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The_Trainer

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Hello,
I'm a 3rd year DPT student going into my first clinical affiliation. I've been assigned my CI, who is a recent PT school grad (1-2 years clinical experience).

I can't help but feel as though I would have a better experience with a more experienced clinician, however am open to learning whatever I can from anyone. I'm wondering if anyone had a similar experience, and what they thought?

Cheers
 

truthseeker

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don't fret. I was a CI within 6 months of graduating. Granted I was also an athletic trainer before so I had some patient care experience and I am exceptional. ;) your clinical internship site wouldn't have assigned you the CI if they didn't think they could do it.
 
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Doc-PT

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I can definitely see where you are coming from. I mean I know younger therapists have the DPT and all but experience, imo, seems like a much bigger deal when it comes to actual clinical practice which is SO different from what is taught in school. So I get what you're saying but, at this point, I would try to make the best of it? Maybe? Your CI could turn out to be really cool, laid back and knowledgeable which would make your first rotation pretty amazing and build up your confidence to boot! On the up side, your CI will probably be able to reinforce a lot of the stuff you learned in school while you're in the clinic because she/he just graduated themselves. I would probably roll with it!
 
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DSPDPT

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Hello,
I'm a 3rd year DPT student going into my first clinical affiliation. I've been assigned my CI, who is a recent PT school grad (1-2 years clinical experience).

I can't help but feel as though I would have a better experience with a more experienced clinician, however am open to learning whatever I can from anyone. I'm wondering if anyone had a similar experience, and what they thought?

Cheers

Going into my 3rd clinical rotation, my CI was only 1 year out of school. I was a bit worried she didn't have as much clinical experience as my 2 previous CIs did. However, like truthseeker said, they would not assign a CI to you if they weren't qualified to do so.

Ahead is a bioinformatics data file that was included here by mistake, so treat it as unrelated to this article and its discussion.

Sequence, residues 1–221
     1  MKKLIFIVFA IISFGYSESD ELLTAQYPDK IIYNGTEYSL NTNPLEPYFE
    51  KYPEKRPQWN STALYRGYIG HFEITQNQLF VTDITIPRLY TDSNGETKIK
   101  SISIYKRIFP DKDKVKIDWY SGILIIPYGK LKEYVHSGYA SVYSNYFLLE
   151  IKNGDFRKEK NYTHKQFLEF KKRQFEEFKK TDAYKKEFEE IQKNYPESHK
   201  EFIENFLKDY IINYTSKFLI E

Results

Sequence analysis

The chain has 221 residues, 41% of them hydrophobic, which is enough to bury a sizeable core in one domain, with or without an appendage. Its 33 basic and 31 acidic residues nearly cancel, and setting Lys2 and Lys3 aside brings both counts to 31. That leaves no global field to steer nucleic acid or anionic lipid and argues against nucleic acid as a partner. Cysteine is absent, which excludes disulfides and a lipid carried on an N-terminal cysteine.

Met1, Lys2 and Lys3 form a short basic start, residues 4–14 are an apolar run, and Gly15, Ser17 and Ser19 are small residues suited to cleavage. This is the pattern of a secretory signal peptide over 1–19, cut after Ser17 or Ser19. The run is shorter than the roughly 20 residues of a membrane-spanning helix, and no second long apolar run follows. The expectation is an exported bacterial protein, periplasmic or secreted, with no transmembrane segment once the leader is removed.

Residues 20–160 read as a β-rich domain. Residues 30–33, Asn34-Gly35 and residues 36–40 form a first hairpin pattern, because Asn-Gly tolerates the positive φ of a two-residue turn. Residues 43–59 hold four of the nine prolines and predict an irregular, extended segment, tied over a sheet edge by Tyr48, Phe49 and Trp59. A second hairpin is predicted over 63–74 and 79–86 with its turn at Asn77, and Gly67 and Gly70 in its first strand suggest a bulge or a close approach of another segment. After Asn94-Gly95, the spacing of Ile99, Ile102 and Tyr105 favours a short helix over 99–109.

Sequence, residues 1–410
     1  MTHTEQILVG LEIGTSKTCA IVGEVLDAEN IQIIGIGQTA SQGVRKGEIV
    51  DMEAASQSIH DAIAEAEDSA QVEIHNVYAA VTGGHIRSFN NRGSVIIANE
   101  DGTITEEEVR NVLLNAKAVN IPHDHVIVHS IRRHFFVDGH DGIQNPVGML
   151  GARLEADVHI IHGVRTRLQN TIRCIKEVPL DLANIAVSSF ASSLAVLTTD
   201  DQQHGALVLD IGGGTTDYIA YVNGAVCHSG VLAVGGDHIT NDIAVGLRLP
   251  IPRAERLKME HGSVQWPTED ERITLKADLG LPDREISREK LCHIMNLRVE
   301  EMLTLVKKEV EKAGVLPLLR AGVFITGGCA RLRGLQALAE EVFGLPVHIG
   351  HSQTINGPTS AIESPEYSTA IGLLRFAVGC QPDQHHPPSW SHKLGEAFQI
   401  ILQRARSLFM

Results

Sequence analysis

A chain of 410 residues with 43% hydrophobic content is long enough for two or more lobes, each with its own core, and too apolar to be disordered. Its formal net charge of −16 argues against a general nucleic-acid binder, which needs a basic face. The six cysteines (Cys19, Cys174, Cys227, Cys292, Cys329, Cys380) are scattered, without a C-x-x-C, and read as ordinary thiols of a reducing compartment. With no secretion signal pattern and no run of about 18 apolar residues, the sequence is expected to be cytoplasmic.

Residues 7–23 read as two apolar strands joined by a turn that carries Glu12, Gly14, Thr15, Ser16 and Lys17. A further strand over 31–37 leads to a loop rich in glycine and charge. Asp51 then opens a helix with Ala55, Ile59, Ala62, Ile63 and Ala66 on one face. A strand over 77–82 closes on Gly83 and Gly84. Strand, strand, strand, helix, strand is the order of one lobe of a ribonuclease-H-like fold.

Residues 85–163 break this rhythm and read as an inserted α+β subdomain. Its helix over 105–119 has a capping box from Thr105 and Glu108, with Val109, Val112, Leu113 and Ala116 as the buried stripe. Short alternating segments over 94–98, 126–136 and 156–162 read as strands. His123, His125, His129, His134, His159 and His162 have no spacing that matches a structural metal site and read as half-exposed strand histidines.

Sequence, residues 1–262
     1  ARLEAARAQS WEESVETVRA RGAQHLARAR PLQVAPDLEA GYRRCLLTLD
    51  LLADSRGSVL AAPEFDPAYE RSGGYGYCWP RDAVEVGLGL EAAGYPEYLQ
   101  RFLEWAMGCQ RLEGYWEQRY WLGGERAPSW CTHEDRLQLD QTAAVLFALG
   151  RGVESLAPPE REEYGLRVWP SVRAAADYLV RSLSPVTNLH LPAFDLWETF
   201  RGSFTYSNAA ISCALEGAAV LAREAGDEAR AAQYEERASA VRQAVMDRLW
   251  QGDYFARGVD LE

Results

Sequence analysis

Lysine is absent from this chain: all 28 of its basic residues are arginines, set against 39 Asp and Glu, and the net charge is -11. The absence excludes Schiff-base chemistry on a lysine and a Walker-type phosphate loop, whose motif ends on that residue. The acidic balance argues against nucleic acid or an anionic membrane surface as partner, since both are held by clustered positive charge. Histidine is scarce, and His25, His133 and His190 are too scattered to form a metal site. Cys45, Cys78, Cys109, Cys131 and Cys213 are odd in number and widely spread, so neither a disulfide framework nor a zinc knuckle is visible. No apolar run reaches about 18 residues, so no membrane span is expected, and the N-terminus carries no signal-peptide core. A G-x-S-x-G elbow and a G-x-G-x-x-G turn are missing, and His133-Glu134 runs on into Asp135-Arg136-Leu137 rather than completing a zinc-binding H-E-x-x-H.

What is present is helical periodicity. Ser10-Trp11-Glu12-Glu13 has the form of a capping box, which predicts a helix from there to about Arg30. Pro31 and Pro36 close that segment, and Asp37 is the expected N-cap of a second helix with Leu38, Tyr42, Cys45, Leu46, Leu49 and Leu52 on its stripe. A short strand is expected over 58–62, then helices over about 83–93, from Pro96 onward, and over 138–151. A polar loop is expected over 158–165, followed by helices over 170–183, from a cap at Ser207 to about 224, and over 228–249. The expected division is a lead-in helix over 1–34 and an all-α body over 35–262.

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The_Trainer

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Thanks for the insight. You're all right that they wouldn't make their crappy PT a CI(I would hope) especially if younger. It's the lure of the the elder wise therapist with the secret to everything that I guess I'm trapped thinking would be the best :laugh:

I think as long as I stay driven to learn and gain skills then it'll all work out fine.
 
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HillaryDPT

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My best CI during PT school was only 2 years out of school, my worst had been working for 8+ years. The difference was that the new grad was very much into new literature and keeping up with the current evidence and the "experienced clinician" didn't even know any of the SI pain provocation tests, despite claiming that she had taken extensive coned courses for the SIJ. So in my opinion, the number of years practicing doesn't mean anything if they haven't bothered to keep up with the new literature.
 
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NewTestament

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Be humble. You can learn from anyone. 1-2 years of real experience is worth more than 10 years of PT school. Listen to what he says, do what he says, and finish the internship.
 
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OptimusBear

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Granted I've only had 2 short term clinical rotations under my belt, but much like HillaryDPT's experience, my CI that was 2 years out was very much into keeping up with the literature and really knew his stuff. My experience with him definitely solidified a lot of what I learned and learned a lot of vestibular stuff from him as well despite being in outpatient. Best of luck to you!
 
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Danimal35

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Some general advice that I found helpful with a few of my younger CIs - try to bring a little 'structure' to your clinical. Set goals with your CI for things you'd like to see, practice, or learn about. Come in with lists of questions to ask your CI. Often times younger CIs are highly knowledgeable, but they just have less practice as educators to students. Engaging them in clinically-relevant conversation frequently allowed me to see more of their clinical expertise.
 

Azimuthal

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IDK, I’m the newly minted CI within our group. I’m the only one that has a learning program set up based on their year, compeleted curriculum, and their/my perception of their strength and weaknesses. I always ask what type of feedback system the student prefers. I work with their schools to forgo their typical in-service in lieu of weekly literature appraisals and reviews based on the weekly areas of focus because I find that skill lacking from the local schools. I am also the only who has my students follow CPG’s when applicable and guide them on how to apply literature when doing so.

The other CI’s tell me I’m crazy or that I’m going to make my students cry. Well, cry all you want, you’re still going to learn a lot.
 
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